Uncertain yet, about what would become of me, cash-strapped, and savings running out sooner than I had calculated, I decided to confront my fear of money this year. It began with investments of two kinds – one short and one long – that gave me a little ground to stand upon. Not only did it allow me to see myself as an adult but it also put a stop – if only for a while – to the aggressing domination of the patriarch and his wounded ego. The agency, that savings, investments, and economic independence offers a woman, especially one that has had a male figure controlling these aspects of her life, is empowering, liberating, and consciousness-raising. It was this decision to separate my economic identity from that of any male guardian that gave me my adulthood and womanhood back. However, with demonetisation in effect, the threat that I experienced was the loss of this agency, the power to navigate across the kyriarchal domains – the private and the public – with the aid of self-earned money. It has been a struggle to be financially dependent, especially on a male guardian, and it would persist as a challenge unless, I, as a woman, could also access the same resources – by just or crooked means – as men. But, it would bring this small change in the politics of the family, effected by a policy, to bring the women together. 2016 would become the year of women holding each other in solidarity and in secrecy.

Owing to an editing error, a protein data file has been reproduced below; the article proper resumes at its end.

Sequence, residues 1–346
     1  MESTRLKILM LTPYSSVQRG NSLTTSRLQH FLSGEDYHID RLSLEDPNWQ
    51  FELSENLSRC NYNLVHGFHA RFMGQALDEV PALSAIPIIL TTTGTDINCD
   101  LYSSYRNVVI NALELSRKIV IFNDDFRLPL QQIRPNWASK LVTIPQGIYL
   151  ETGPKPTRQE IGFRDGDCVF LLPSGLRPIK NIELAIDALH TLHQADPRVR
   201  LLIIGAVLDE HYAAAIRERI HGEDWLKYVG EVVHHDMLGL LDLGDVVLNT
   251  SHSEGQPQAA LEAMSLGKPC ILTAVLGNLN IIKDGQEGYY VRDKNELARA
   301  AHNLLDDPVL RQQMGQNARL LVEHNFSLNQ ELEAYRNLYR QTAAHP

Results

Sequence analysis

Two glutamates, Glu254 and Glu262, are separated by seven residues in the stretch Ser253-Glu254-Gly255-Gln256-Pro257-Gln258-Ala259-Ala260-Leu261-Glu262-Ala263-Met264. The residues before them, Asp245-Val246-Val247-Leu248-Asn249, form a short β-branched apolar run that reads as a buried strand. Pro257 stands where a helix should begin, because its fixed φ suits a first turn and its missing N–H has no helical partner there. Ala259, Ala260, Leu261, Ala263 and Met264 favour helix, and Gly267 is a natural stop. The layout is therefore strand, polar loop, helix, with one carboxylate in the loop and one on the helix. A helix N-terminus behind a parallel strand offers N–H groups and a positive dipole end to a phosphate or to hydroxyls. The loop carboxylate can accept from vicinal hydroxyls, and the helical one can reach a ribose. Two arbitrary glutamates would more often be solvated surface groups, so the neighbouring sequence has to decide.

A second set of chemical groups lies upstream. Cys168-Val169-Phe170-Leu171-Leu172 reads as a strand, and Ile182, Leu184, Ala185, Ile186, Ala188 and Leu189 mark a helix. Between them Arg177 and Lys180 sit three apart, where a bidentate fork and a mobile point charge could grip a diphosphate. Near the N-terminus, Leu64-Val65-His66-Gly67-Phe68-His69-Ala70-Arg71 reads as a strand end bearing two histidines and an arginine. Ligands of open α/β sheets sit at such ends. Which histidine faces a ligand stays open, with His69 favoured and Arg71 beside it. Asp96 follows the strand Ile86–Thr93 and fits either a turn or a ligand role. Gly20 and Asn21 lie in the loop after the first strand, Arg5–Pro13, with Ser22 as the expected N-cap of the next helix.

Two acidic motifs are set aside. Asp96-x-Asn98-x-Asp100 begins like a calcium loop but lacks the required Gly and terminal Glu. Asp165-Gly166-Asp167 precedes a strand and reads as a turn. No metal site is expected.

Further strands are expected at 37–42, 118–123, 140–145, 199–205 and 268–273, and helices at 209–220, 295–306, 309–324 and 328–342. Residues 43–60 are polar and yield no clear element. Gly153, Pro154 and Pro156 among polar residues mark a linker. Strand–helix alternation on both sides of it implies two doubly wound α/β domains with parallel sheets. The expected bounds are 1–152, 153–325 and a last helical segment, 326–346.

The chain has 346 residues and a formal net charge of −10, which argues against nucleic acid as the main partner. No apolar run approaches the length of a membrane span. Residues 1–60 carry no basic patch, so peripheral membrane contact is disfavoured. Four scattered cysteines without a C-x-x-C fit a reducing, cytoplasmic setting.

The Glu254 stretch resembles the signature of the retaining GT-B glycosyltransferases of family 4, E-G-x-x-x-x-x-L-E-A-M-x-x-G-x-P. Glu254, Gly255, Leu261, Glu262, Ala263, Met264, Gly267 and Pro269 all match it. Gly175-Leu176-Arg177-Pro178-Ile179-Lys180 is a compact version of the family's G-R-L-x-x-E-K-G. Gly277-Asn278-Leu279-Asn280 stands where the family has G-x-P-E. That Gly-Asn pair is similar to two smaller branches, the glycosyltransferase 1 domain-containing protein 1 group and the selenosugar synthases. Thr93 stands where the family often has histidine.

Resting between forgiving and forgetting an old love and its hurts and bolding my heart again, I would find men who I would “like-like”. These men, our acquaintances having formed through various sources, would cause my heart to flutter, anticipate, and hope once again. I would, without knowing, don on masks and appearances characteristic of me, but only partly, and present myself as a perfect-version. But, none of it would work (gratefully) and I would only regret not having worn better shoes than anything else. I would also proudly tell the universe that I had taken my steps and that it would now rest on its shoulders, the onus of love finding me. In this year, I would put myself out there, only to break my heart, but I would learn that it didn’t hurt much or for more than a few days. And, that I would love, eventually.